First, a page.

September 19, 2010
“…In high school English classes, children are required to read and view material that should be classified as soft pornography. One such book is called ‘Speak’.”
This is a quote from an article by one Wesley Scroggins, published recently in the opinion section of the Springfield, Missouri paper The News-Leader. Needless to say, a storm of internet outrage has been launched over his insensitive portrayal of Laurie Halse Anderson’s SPEAK, which tells the story of a teen victim of rape. Now, I’m not sure how Mr. Scroggins feels, but I would certainly hope that most people don’t get off on this book.
I am not a person that believes in many completely objective truths, but one of them is this: rape is not the fault of the victim. Laurie Halse Anderson happens to be in agreement with me. So when I hear “…the main character in the book is alone with a boy who is touching her female parts, she makes the statement that this is what high school is supposed to feel like. The boy then rapes her on the next page,” I think there’s some gross misrepresentation going on there. And furthermore, does that sound like porn to you?
Help get the word out about this– don’t let people like Scroggins keep such a beautiful and important book off the shelves and away from youth whom it can help. Declare your support for SPEAK by Tweeting #SpeakLoudly, and check out these other blog posts on this topic:
Laurie Halse Anderson answers the charges herself.
Cheryl Rainfield writes about how she feels about this affair, as a survivor of sexual and ritual abuse, as does C.J. Redwine.
Myra McEntire gives a laudable Christian perspective.
September 18, 2010
Hey, all! I just wanted to give you guys a heads-up that I’ll be helping to judge the Cybils this year. I’ll be in the first round of graphic-novel judging, the panelists, which means that it’ll be my job to read at least the first fifty pages of each of “scores of nominated books” (from the Cybils judging FAQ). You guys can start nominating your favorite books on October 1st (only books released this year can be nominated).
Last year’s Cybil books include a few you might know– Gunnerkrigg Court: Orientation and Fire both won, and there are a ton more great books on the finalists’ and winners’ lists that I haven’t reviewed here for one reason or another. All of those are currently up on the Cybils site. Click around after the link I gave you above and see what there is to see.
July 24, 2010
…short story reviews here on Bibliophibia, yea or nay? I’ve never liked them much, but lately I’ve started attending cons and workshops, and I’ve ended up both reading and writing short stories. And I love them.
So, do you guys want short story reviews, and if so should I review by the story or by the anthology/mag? Comment and let me know.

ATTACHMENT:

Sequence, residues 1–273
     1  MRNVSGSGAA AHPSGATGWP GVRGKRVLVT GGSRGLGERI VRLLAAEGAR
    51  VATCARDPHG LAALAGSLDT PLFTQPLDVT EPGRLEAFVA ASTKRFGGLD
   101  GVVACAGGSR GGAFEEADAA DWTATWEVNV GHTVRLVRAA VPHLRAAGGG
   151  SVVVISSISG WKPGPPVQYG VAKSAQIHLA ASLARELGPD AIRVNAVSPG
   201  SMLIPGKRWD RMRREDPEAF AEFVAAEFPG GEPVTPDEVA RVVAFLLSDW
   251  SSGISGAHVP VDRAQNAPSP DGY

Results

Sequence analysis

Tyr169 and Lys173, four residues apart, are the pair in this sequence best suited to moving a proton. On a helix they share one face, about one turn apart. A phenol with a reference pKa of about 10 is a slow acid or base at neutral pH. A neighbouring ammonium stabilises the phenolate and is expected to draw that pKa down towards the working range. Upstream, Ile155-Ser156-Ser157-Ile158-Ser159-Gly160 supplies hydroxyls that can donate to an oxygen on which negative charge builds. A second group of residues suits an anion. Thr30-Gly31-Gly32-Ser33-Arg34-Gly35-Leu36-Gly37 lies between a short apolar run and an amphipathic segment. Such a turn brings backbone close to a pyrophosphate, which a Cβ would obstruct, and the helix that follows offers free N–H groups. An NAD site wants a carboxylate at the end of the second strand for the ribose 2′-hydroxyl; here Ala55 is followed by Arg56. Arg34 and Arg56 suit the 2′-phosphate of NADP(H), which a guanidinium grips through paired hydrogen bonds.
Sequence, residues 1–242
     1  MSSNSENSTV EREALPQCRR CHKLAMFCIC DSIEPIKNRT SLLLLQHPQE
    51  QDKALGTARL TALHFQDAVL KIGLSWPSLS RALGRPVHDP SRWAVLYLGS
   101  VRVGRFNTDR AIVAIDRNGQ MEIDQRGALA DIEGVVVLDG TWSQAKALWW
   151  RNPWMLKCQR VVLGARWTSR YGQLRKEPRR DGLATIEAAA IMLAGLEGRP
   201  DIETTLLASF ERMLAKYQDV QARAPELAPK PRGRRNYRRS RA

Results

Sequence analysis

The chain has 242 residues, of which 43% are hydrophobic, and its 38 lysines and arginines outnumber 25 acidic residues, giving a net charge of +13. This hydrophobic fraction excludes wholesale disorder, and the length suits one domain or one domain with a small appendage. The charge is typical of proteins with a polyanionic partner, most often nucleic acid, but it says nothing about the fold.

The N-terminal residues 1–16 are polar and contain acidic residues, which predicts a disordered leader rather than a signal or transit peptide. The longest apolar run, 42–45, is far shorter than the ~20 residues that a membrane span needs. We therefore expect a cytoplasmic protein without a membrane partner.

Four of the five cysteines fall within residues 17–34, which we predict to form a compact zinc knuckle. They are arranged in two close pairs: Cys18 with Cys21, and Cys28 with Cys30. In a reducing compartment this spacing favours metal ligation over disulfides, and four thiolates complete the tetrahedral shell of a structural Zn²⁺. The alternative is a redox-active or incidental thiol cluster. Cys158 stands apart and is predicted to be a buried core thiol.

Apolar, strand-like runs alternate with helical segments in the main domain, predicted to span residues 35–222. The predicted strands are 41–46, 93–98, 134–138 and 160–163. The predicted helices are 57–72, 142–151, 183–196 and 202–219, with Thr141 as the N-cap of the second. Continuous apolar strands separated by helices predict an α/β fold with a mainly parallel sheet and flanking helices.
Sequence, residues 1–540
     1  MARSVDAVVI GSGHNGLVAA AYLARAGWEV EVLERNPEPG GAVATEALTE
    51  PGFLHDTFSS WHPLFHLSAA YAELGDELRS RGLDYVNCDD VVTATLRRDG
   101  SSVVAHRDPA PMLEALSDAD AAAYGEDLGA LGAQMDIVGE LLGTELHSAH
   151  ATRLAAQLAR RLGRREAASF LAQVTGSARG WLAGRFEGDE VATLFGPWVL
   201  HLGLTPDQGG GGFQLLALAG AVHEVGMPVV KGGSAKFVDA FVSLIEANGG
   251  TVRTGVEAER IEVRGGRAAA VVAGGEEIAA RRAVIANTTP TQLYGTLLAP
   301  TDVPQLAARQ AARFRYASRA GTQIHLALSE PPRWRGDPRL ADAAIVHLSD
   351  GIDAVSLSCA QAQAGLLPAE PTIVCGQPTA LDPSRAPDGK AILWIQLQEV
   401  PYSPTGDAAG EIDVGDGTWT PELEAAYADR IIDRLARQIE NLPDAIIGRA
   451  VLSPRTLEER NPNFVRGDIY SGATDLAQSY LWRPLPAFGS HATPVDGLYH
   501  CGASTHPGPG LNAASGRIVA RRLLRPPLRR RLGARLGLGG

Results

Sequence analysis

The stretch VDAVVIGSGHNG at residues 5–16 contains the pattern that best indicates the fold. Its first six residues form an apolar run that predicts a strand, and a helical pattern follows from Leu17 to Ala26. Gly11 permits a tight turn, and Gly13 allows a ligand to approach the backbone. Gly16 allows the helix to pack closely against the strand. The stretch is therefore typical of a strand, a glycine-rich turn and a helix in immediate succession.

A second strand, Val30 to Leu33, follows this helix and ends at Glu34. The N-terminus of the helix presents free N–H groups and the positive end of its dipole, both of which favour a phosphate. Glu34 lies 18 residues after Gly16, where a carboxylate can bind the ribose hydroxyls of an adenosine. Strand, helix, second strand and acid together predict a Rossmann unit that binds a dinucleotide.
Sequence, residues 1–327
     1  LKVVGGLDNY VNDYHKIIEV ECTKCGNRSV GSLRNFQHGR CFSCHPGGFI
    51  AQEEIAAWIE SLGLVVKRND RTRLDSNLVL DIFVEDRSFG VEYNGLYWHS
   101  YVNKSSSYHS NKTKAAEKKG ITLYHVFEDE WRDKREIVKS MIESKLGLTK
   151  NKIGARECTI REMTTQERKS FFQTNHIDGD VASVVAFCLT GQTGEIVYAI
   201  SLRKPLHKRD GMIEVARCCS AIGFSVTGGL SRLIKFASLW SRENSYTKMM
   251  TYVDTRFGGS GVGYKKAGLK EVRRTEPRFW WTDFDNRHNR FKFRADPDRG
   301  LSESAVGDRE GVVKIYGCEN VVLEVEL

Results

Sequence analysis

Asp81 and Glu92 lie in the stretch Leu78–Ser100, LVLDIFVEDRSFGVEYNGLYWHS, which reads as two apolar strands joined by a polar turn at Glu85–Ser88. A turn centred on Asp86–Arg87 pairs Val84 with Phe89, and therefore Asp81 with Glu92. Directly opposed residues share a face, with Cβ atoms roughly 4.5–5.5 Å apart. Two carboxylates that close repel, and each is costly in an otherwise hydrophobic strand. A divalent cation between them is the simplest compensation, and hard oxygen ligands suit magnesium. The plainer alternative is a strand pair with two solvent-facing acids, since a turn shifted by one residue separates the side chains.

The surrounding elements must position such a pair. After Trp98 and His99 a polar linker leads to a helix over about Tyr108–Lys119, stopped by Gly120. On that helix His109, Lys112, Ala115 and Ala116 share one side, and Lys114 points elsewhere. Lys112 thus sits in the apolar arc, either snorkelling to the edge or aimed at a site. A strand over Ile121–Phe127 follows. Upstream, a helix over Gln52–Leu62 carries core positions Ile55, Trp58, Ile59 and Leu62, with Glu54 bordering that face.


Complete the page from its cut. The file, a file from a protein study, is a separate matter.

EDIT: Also, guys, huuuuge stack of books to review on my desk right now. Here’s a quick list of the titles, and they’ll all be along when I find the time to read them and put my thoughts in coherent words.
- The Thieves of Darkness by Richard Doetsch
- The Warded Man by Peter V. Brett
- A Small Death in the Great Glen by A.D. Scott
- Hailey’s War by Jodi Compton
- Android Karenina by Leo Tolstoy and Ben H. Winters
- The Tower, the Zoo, and the Tortoise by Julia Stuart
- You’ll Be Sor-ree! by Sid Phillips
- Dracula in Love by Karen Essex
- Permanent Obscurity by Richard Perez
May 28, 2010
It’s just come to my attention that reviewers are supposed to disclose when they have received a free copy of a book/payment for a review, to avoid conflicts of interest and such. I have not and do not intend to ever get paid for reviewing books, since that would indebt me to the author or publishing company. No one is exempt from bias.
I do, however, receive ARCs all the time. As soon as I’ve hit publish on this post I’m going to go back and edit all prior posts to note when my copy of a book was free, and will keep up this practice in the future. I do not believe that I am influenced to give a book a better review just because it was free, but I do think that my readers have a right to know.
March 7, 2010
I figure this would be a good thing to do every so often, maybe once a year, maybe every six months, whatever. Basically I intend to list the five books which in my opinion need to be read. Because you can’t possibly expect me to limit a list of five books to just five books, I retain the right to list several volumes of one series as one.
So, here goes. (Of these, I have already reviewed Fire and will do the rest when I get around to it.)
1. The Girl With the Dragon Tattoo and its even better sequel, The Girl Who Played With Fire, both by the late Steig Larsson
2. The Hunger Games by Suzanne Collins
3. Graceling and its companion, Fire, both by Kristin Cashore
4. The True Meaning of Smekday by Adam Rex (which is, quite seriously, the most consistently hilarious book I have ever read. His illustrations are great, too)
5. anything by Robin McKinley, but especially Sunshine, Deerskin, and Spindle’s End